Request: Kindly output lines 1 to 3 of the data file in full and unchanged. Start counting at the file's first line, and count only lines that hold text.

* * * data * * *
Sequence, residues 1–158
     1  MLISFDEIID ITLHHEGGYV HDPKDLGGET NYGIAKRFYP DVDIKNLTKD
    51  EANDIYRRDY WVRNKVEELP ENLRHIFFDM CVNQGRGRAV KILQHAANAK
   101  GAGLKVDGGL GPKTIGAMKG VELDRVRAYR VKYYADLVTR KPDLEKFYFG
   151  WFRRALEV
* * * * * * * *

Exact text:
Sequence, residues 1–158
     1  MLISFDEIID ITLHHEGGYV HDPKDLGGET NYGIAKRFYP DVDIKNLTKD
    51  EANDIYRRDY WVRNKVEELP ENLRHIFFDM CVNQGRGRAV KILQHAANAK